The number of American workers switching jobs in one year has reached an all-time high, thanks to a competitive hiring environment created by the lowest unemployment levels in 10 years. According to the Workplace Vitality Report released last week by payroll company ADP, 26.5% of workers in the private sector changed jobs in the 12 months ending in the first quarter of this year. This is the highest the rate has been since ADP first began tracking in the fourth quarter of 2014.
Almost half of all workers in the leisure and hospitality industries and one-third of workers in the professional and business services changed jobs in the past year. Those full-time workers who reported changing jobs also saw an average annual earnings gain of 5.2%, compared to 4.3% for those who stayed put.
The smaller pool of unemployed workers means companies are compelled to compete with other firms for their employees. The Labor Department reported earlier this month that unemployment dropped to 4.4%, the lowest it’s been since May 2007. In 2009, in the throes of the Great Recession, it reached as high as 10%. The economy added 211,000 jobs last month and 940,000 since the beginning of the year.
The Labor Department also reported that underemployment – including part-timers and those with varying lengths of employment – was at its lowest since 2007. The U-6 rate, the largest measure of underemployment, was at 8.6%, down from 17% in 2010.
“It’s a very strong report,” Michael Arone, chief investment strategist at State Street Global Advisors, told CNN at the time of the Labor Department’s numbers release. “We’re nearing full employment in the U.S. economy.”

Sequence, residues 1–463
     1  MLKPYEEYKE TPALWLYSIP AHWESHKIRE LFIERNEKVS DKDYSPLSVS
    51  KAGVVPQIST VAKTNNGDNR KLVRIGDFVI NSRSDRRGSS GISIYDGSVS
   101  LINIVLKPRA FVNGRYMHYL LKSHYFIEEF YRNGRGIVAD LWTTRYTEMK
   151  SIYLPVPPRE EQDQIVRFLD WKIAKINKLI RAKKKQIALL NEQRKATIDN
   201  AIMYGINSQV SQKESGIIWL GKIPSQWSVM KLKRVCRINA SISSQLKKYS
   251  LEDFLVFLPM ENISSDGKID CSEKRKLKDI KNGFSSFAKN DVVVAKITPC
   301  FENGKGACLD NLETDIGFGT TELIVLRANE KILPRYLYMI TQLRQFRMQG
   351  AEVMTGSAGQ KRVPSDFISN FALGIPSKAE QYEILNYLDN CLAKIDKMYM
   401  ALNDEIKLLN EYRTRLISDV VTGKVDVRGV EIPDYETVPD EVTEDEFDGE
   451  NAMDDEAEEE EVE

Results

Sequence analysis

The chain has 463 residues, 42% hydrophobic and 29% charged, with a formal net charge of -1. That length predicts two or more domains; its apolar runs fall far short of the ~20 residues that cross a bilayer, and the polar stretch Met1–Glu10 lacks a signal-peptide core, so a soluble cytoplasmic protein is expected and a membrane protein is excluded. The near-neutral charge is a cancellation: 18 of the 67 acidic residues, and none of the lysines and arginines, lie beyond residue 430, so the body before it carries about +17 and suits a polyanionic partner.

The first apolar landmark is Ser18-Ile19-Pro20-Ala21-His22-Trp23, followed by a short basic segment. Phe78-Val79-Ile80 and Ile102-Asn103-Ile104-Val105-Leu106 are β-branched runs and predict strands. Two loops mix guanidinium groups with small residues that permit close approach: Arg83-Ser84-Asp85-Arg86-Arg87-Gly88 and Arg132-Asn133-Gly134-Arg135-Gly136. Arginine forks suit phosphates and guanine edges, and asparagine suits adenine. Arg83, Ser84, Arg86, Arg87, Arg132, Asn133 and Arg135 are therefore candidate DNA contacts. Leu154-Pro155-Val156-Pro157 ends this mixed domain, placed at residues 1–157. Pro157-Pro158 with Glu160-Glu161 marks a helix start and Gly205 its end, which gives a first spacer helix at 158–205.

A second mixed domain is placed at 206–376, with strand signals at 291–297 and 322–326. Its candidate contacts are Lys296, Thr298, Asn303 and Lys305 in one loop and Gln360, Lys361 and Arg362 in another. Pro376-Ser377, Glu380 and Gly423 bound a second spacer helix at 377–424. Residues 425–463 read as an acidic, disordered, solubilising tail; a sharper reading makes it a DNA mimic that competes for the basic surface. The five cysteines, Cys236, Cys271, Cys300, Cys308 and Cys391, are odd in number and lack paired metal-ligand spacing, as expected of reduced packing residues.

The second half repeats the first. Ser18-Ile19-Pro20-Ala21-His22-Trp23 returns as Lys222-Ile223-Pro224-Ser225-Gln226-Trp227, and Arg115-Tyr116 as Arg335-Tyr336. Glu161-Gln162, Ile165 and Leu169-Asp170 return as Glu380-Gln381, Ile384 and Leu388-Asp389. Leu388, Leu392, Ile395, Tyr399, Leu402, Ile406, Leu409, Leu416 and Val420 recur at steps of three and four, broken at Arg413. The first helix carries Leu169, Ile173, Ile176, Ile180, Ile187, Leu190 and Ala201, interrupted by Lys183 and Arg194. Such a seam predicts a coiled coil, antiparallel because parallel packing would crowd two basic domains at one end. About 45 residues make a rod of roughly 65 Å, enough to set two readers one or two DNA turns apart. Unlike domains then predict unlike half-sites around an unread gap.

And it’s creating a hiring environment that favors employees, who now have more leverage to change jobs as companies compete for them. “As the labor market tightens, employees have more power,” said Ahu Yildirmaz, co-head of ADP’s research institute, which delved further into job movement in recent surveys.
In another ADP survey entitled “Evolution of Work 2.0: The Me vs. We Mindset,” the payroll company found that, with all else being equal, a 13% increase in pay would be enough for workers to take another job. In fact, almost half (47%) of employees at medium-sized companies would leave their jobs for positions that paid the same as or even less than their current salary.
Other reasons employees leave, as reported by research firm Work Institute which studied over 34,000 exit interviews, are career development (22%), work-life balance (12%), management behavior (11%), compensation and benefits (9%) and wellbeing (9%).
The Evolution of Work 2.0 survey also found that 63% of workers are open to changing jobs, made up of 46% who are casually looking and 17% actively looking. At the same time, those employers surveyed say just 49% of their employees would consider leaving their jobs.
“There’s a disconnect,” said Yildirmaz. “Employers really have to think about how to attract, how to engage and how to retain employees.”
Retention continues to be a challenge for employers; ADP reports that 47% of employees have left positions that did not meet their expectations and the promises laid out at hiring.
“ADP’s economic reports on employment and wages show if employers can’t meet the needs of their employees, they can easily look for new jobs elsewhere,” said Jan Siegmund, CFO of ADP. “In addition, employers face a perfect storm of sorts when it comes to keeping top talent. While they focus on efforts to be an employer of choice, face paying higher wages and more, their employees can use technologies that make it easy to essentially browse for new job opportunities.”